Second Life 3D Experience Architects:
Leading the Way on the Virtual Frontier

Tue, Jul 24, 2007


Some of the boldest adventurers on the virtual frontier are architects. These artists of the 3D experience are the cavalry of the “Age of Inspiration.” They lead the charge to liberate the world from the ravages of the industrial age.

“Go West Young Man, and Grow Up With the Country,” John B. L. Soule, 1851

Some 114 years later, the call to “Go West” has been converted to the call to “Go Virtual.” Second Life has effectively ushered in the next great migration into a New Frontier.

And, so ctrlshift07 – a New Zealand Architectural Congress announces – their virtual land rush competition. The grand prize is an island in Second Life (including 3 months of maintenance charges).

And, the winner is Keystone Bouchard! The runner up is Theory Shaw! These pioneers, and their innovative work in Second Life, had already caught my attention before the competition. I interviewed both for Ugotrade in June (see my earlier post). Then, Keystone explained an earlier version of Architectural Jazz which is now his winning entry. And, Theory talked about his vision for participatory city planning and the Studio Wikitecture experiment he has initiated with Theory on, Architecture Island, Second Life .

But the speed of innovation is so rapid in Second Life that, in the 6 weeks since I spoke to Keystone and Theory, much has changed both in Second Life, and in their work.

One month ago, the EOLUS One initiative driven by Implenia AG, a Swiss-based construction, civil engineering and facilities management company, in collaboration with SAP, IBM, Cisco, Siemens and others had not been unveiled.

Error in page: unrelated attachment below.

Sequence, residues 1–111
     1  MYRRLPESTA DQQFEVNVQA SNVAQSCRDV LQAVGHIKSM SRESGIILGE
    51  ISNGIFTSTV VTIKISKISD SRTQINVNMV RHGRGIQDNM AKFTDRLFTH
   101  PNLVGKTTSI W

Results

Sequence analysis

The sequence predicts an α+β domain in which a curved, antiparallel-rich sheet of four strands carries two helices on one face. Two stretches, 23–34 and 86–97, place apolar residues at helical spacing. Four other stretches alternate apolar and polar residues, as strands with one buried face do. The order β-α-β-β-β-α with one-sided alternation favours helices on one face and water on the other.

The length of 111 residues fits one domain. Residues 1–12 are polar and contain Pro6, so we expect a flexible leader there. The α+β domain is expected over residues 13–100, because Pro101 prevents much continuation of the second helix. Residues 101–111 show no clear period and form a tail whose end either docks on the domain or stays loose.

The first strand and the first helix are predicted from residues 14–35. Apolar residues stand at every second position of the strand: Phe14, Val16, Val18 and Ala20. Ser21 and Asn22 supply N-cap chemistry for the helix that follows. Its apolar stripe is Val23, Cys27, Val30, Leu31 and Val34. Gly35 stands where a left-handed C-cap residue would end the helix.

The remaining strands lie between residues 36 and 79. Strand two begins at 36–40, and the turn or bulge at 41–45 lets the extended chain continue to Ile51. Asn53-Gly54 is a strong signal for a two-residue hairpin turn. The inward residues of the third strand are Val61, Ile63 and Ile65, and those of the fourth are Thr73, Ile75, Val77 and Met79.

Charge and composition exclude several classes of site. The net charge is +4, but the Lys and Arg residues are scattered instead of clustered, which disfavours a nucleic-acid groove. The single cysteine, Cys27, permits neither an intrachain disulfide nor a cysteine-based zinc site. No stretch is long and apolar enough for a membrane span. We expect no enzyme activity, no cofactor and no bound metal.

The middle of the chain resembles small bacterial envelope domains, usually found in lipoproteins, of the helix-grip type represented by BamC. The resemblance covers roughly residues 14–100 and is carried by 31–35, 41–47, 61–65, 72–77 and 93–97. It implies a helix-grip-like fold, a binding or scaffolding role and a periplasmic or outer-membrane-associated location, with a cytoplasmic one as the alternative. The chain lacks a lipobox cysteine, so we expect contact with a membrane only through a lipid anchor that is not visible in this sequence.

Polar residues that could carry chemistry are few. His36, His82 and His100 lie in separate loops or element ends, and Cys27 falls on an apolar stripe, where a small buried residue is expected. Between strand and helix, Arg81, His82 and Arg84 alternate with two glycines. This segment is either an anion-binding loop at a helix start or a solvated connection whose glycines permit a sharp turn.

Now, EOLUS has put the spotlight on Second Life/Real Life integrations as a doorway to a sustainable future. EOLUS, in Second Life, is creating a “think tank” for city scale technology projects – energy monitoring, preventative maintenance, building automation and management, as well as community based initiatives for a better planet (e.g. SODIS). And, in my mind, this initiative brings Theory’s interest in Wikitecture for city planning, and Keystone’s commitment to virtual architecture one step closer to serious real life integrations.

Not only can real life buildings be designed in new collaborative and participatory ways in Second Life. e.g., city planning through Wikitecture. But, once built, these cities can stream back into Second Life as data that is responsive, beautiful, and delightfully habitable. In virtual worlds we do not need shelter from the elements. We need refuge from the ugly and unmanageable data of real life. If we are to work and play all day in virtual environments we must create a palace of data bliss.

Keystone Bouchard is a Real Life architect who has recently transitioned exclusively to a virtual mode as a “3D Experience Architect” with Clear Ink. Keystone is interested in the future potential of purely virtual architecture and the dynamic, reflexive relationship between avatars, data and 3D experience.

He has started to blog up some manifestos about this new language for virtual environments. He explained his ideas through a series of three diagrams on Architecture Island in Second Life.


The diagram on the left is the physical model best exemplified by Winston Churchill’s statement, ‘We shape our buildings and thereafter, they shape us.” Physical buildings are artifacts – that are difficult and expensive to change – people and program flow through them like water.

So, in virtual worlds, we tend to do the same thing – that’s described by the second diagram. So, we try to build that artifact but, our minds, our avatars, and our cameras can just flow right through it so, it isn’t as effective its trying to be solid – when it doesn’t work that way here.

So, the third diagram describes a new kind of reflexive or responsive architecture one that is capable of shifting shape and changing – and being as liquid and changing as the community and people who use it.


Click on this image to watch a machinima of Architectural Jazz.

Keystone’s winning entry to ctrlshift07, Architectural Jazz, makes the visitor an active part of both the musical and archtectural composition. Keystone observed the movement and people visiting Architecture Island for several weeks then wrote a piano score loosely based on their movement. He recorded his real life piano playing it – just the keys moving and then imported that video into Second Life. Then he added “keys” in Second Life that get larger and change colors and play a not when you approach. So by their changing and dynamic composition, the viewer becomes an active part of it – no longer passive.